“You never know unless you are inside the club but my suspicion is that they might try to do a bit of each,” Wallace said.

“Trading for Mitch Clark is definitely something they should be looking at. He’s a guy who is already playing and can help Matthew Pavlich and Aaron Sandilands in the next couple of seasons.

“But he’ll also still be playing in five years when Fyfe and Anthony Morabito have got up around that 100-game mark.”

The issue if Fremantle tries to trade to fill its key forward needs then becomes what the Dockers can offer other teams in return.

It’s been widely tipped that midfielder Rhys Palmer will take his stalled career elsewhere at season’s end.

But the 2008 Rising Star winner would likely be worth more to the Dockers if he goes to Greater Western Sydney for compensation draft picks, than if he goes elsewhere at market rate.

Back-up ruckman Jon Griffin would clearly have some value around the competition but it was only last summer that he returned home to Perth for personal reasons.

Fellow big man Zac Clarke is another who would interest other clubs but his development this season has been more-than encouraging and Harvey clearly has a high opinion of the 21-year-old.

Fremantle has already dismissed the “quickest fix” option of recruiting former Carlton and Brisbane bad boy Brendan Fevola, who is currently enjoying a career renaissance with Casey in the VFL.

And so, if Harvey is true to his word of wanting to play Pavlich across half-back in 2012, the Dockers’ key forward options might look something like this – find one in the draft, find enough currency to trade for someone like Clark or lower the sights and look at a fringe prospect like West Coast’s Callum Wilson.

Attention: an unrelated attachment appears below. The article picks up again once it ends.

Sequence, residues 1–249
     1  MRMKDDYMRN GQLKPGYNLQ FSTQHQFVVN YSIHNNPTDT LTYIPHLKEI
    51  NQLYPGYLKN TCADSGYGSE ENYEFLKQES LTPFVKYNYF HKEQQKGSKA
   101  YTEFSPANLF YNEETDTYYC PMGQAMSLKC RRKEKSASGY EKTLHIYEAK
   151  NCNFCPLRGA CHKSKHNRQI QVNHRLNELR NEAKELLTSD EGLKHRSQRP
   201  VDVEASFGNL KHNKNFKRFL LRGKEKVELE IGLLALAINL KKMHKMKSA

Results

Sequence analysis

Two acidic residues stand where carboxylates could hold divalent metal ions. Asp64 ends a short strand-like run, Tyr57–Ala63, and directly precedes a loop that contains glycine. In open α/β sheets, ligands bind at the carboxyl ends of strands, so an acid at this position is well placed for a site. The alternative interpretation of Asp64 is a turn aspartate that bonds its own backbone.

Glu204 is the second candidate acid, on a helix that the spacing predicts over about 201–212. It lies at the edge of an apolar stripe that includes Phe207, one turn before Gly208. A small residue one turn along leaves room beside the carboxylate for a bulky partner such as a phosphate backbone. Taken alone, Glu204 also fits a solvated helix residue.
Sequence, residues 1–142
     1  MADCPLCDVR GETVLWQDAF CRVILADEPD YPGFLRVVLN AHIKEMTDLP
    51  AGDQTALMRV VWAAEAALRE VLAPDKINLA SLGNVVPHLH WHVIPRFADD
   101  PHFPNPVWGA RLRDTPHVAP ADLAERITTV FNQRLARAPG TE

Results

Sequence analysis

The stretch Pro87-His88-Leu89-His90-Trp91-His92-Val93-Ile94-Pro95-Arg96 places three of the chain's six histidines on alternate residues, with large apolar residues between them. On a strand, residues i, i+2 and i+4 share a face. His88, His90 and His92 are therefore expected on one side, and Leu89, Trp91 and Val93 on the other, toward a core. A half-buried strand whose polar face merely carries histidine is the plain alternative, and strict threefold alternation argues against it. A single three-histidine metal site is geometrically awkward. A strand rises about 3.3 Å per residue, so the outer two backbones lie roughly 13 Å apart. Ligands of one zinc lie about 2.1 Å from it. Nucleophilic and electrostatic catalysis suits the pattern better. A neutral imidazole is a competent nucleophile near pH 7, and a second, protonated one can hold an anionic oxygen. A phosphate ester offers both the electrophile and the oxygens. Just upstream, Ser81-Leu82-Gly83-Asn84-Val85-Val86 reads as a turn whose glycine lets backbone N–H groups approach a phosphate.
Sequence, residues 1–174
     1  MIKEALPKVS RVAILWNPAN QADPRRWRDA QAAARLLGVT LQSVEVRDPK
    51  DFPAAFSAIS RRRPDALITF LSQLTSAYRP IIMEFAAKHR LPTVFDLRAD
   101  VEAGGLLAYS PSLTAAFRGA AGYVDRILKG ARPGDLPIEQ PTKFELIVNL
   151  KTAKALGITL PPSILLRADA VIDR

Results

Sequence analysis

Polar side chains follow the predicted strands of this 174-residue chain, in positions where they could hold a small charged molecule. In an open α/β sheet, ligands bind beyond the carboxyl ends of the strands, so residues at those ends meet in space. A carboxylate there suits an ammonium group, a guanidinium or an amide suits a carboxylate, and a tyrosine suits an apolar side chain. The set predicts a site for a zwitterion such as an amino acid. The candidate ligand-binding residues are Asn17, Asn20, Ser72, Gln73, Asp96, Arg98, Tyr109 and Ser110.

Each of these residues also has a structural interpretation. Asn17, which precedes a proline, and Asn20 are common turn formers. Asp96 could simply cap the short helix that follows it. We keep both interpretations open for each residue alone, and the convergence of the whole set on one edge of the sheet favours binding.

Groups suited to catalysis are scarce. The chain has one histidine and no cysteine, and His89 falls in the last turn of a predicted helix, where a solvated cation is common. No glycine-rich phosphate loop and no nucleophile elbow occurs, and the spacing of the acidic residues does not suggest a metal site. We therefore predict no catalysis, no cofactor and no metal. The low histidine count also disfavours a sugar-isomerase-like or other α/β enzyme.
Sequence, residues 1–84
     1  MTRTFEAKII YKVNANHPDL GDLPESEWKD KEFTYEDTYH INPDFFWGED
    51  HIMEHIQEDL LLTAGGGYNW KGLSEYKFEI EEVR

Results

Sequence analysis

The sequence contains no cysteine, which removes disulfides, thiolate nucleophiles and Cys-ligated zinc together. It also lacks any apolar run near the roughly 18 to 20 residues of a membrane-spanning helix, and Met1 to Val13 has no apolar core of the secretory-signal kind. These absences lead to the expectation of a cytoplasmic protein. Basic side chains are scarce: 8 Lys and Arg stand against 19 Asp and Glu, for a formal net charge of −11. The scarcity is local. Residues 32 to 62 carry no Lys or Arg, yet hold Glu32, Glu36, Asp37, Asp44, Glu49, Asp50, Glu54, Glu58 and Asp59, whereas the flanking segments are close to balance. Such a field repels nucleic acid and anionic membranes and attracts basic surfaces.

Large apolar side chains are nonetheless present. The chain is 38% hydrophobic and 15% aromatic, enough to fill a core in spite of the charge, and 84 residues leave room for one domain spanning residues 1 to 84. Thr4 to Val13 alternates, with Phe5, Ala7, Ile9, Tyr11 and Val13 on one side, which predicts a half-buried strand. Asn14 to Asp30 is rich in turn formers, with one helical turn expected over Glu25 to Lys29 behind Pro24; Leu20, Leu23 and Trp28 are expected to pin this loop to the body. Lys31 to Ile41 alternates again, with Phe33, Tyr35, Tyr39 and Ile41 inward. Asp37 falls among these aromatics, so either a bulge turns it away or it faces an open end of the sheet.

Or perhaps, they could just stick with what they’ve got.These stocks include the awkward but sometimes effective Kepler Bradley and the versatile Luke McPharlin.

Former St Kilda coach Grant Thomas says Fevola’s problems shouldn’t prevent him returning to the league but rails against the line of thinking that his goal-kicking prowess could be the “saviour” of any side.

“If we’ll accept a drug addict (Ben Cousins) back into the league we ought to accept Fevola with his drinking and gambling issues,” Thomas said.

“But I’ve never been an advocate of teams relying on power forwards who just kick goals. It makes you too predictable and it’s much easier for other teams to stop you in finals.

“What I am an advocate of is going and getting the best available player, rather than getting caught up with getting a key forward or a ruckman.

“At St Kilda we took Nick Riewoldt and Justin Koschitze with the first two picks in 2000. But it was because they were the best two players available, not because they were key position players.

“Key forwards don’t grow on trees and you don’t find them under rocks. But I’d hate to think Fremantle would put itself in the position of giving up draft picks to try and get one.”

Top-20 key forward draftees 2000 to 2007

Hits: Nick Riewoldt (No.1, 2000), Justin Koschitzke  (No.2, 2000), Jarryd Roughead (No.2, 2004), Buddy Franklin (No.5, 2004), Josh Kennedy (No.4, 2005), Paddy Ryder (No.7, 2005), Mitch Clark (No.9, 2005), Jack Riewoldt (No.13, 2006)

Misses: Luke Livingston (No.4, 2000), Andrew McDougall (No.5, 2000), Laurence Angwin (No.7, 2000), Tim Walsh (No.4, 2002), Kepler Bradley (No.6, 2003), Ryan Murphy (No.12, 2003), Fergus Watts (No.14, 2003), Billy Morrison (No.17, 2003) Llane Spaanderman (No.18. 2003), Adam Pattison (No.16, 2004), Ryan Willits (No.19, 2004), Beau Dowler (No.6, 2005), Mitch Thorp (No.6, 2006), Andrejs Everitt (No.11 2006), James Sellar (No.14, 2006), Robbie Tarrant (No.15, 2007), Tony Notte (No.20, 2007).

Jury is out – Jay Schulz (No.12, 2002), Scott Gumbleton (No.2, 2006) Lachlan Hansen (No.3, 2006); Lachlan Henderson (No.8, 2007)